The Jewish Publication Society translation of these texts (which is supported in the footnotes of the LDS edition) first of all reads away from the image of a sex orgy, and toward the establishment of a new (idolatrous) religion. In verse 6, JPS reads, "they sat down to eat and drink, and then rose to dance." The contrast between the KJV and JPS translations of verse 25 are even more striking. JPS reads, "Moses saw that the people were out of control -- since Aaron had let them get out of control -- so that they were a menace to any who might oppose them." In other words, Moses finds in progress not a sex orgy, but an armed rebellion. And in that light, what is portrayed to ensue -- the quelling of the rebellion with armed force, resulting in the deaths of three thousand -- makes much more sense.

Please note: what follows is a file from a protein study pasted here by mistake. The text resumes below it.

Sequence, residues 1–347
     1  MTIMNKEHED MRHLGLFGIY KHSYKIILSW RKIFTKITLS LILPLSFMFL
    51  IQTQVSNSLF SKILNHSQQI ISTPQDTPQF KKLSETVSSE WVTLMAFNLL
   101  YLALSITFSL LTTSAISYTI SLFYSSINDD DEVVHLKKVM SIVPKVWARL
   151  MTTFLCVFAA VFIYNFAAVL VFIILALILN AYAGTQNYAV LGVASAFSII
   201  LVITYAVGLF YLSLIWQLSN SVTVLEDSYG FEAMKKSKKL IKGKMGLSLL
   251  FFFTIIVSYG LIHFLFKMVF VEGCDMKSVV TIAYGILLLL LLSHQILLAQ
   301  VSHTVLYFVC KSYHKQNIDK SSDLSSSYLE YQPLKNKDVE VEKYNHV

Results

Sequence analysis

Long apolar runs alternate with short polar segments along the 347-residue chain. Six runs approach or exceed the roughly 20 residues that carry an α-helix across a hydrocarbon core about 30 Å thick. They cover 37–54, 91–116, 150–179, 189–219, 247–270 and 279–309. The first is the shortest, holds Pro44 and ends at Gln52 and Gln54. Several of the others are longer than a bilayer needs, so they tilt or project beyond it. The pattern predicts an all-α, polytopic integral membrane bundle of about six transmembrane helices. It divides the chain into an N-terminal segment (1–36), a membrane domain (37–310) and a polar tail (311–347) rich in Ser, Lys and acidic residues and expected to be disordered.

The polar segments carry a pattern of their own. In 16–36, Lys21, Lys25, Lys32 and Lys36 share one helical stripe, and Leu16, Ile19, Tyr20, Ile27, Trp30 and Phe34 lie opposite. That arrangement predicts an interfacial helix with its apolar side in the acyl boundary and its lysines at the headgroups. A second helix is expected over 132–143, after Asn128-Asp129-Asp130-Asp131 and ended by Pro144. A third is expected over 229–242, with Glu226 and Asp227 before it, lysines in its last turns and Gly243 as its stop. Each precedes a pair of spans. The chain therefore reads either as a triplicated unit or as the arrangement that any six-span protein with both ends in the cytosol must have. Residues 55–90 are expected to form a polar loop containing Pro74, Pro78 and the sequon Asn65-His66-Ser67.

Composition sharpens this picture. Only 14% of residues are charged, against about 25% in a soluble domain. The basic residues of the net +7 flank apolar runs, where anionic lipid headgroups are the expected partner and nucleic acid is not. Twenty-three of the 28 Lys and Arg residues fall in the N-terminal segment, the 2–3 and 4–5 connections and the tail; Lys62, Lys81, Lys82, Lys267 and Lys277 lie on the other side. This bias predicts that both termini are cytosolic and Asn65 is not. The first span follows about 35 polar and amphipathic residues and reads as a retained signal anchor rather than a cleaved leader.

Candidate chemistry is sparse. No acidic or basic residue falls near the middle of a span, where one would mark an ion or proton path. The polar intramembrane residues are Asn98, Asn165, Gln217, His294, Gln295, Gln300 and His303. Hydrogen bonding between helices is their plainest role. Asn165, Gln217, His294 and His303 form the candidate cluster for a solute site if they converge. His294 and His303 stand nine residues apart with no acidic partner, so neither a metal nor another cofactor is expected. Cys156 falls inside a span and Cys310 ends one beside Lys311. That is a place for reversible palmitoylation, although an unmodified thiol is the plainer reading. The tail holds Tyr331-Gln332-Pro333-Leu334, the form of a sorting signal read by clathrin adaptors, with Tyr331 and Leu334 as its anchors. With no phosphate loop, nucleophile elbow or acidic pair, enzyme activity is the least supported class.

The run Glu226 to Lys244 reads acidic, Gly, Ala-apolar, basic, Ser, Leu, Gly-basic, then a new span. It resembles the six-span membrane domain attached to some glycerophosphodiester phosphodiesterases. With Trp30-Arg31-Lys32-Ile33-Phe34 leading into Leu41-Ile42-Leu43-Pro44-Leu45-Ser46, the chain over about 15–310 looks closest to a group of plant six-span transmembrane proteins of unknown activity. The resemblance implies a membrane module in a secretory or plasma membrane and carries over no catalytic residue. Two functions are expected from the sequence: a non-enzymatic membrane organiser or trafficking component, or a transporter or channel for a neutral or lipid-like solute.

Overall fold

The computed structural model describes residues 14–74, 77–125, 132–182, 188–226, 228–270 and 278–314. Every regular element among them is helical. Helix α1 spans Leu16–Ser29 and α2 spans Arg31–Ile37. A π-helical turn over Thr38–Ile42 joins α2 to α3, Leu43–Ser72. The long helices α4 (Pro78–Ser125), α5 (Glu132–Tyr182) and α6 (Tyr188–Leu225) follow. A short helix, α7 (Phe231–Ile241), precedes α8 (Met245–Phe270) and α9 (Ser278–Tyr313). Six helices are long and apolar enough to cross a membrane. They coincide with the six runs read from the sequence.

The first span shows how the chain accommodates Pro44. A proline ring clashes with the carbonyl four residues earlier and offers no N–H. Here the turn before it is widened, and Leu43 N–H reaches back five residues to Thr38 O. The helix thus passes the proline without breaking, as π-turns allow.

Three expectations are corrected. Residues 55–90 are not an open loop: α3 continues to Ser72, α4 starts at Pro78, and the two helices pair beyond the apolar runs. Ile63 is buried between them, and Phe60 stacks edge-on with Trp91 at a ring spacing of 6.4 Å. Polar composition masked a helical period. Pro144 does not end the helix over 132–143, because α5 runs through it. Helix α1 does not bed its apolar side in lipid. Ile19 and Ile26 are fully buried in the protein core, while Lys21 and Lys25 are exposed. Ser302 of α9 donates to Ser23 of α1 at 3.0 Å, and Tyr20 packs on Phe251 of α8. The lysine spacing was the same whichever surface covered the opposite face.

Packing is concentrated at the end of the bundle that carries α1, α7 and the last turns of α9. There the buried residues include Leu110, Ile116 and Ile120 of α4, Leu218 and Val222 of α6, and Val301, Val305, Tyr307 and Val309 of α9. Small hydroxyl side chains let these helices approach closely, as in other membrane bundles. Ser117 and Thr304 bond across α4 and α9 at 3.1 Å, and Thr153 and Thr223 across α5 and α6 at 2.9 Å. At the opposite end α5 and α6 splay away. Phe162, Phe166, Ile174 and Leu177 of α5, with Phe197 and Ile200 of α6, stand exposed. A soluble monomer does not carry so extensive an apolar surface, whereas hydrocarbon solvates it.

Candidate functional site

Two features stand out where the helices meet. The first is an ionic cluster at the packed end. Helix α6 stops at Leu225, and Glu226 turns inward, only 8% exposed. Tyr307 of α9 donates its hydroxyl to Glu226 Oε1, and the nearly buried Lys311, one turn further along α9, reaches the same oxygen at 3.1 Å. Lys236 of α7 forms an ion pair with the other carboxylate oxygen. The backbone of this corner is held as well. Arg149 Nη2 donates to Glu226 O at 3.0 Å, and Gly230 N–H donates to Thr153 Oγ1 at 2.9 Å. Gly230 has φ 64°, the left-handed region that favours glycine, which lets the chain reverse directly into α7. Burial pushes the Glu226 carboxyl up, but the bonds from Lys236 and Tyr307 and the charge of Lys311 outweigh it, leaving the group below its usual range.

Read in context, we see that what is happening in this chapter is the establishment of a new religion without divine authorization. Moses, accompanied by Joshua, goes up into Mount Sinai to receive God's commandments. The people are distressed by his absence, which they feel has been long enough that they no longer know what's happened to him. At their urging, Aaron gathers gold from the people and fashions an idol. And here's where it gets interesting.
"This is your God, O Israel, who brought you out of the land of Egypt," he proclaims. He builds an altar for sacrifice, and then proclaims, "Tomorrow shall be a festival of the Lord!" Exodus 32 proceeds to describe a standard religious festival, complete with sacrifices, sacraments (eating and drinking), hymns and liturgical dance. Not an orgy, but worship.
This is fascinating to me, because I had often read this text as a violation of the first commandment ("Thou shalt have no other gods before me" -- Exodus 20:3). In fact, it is a violation of the second commandment, "Thou shalt not make unto thee any graven image."